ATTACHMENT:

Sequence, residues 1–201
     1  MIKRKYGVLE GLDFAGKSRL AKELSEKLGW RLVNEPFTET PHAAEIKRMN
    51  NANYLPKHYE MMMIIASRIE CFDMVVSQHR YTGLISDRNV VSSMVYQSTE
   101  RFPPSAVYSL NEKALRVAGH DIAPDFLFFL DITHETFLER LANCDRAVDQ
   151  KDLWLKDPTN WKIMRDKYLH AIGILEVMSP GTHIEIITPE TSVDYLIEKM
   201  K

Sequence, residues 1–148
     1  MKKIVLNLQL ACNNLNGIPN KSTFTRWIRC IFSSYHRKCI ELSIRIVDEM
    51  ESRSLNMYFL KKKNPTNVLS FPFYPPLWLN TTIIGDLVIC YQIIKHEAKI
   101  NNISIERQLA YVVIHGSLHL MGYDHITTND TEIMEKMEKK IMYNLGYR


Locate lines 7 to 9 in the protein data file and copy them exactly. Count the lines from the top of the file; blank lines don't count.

Sequence, residues 1–148
     1  MKKIVLNLQL ACNNLNGIPN KSTFTRWIRC IFSSYHRKCI ELSIRIVDEM
    51  ESRSLNMYFL KKKNPTNVLS FPFYPPLWLN TTIIGDLVIC YQIIKHEAKI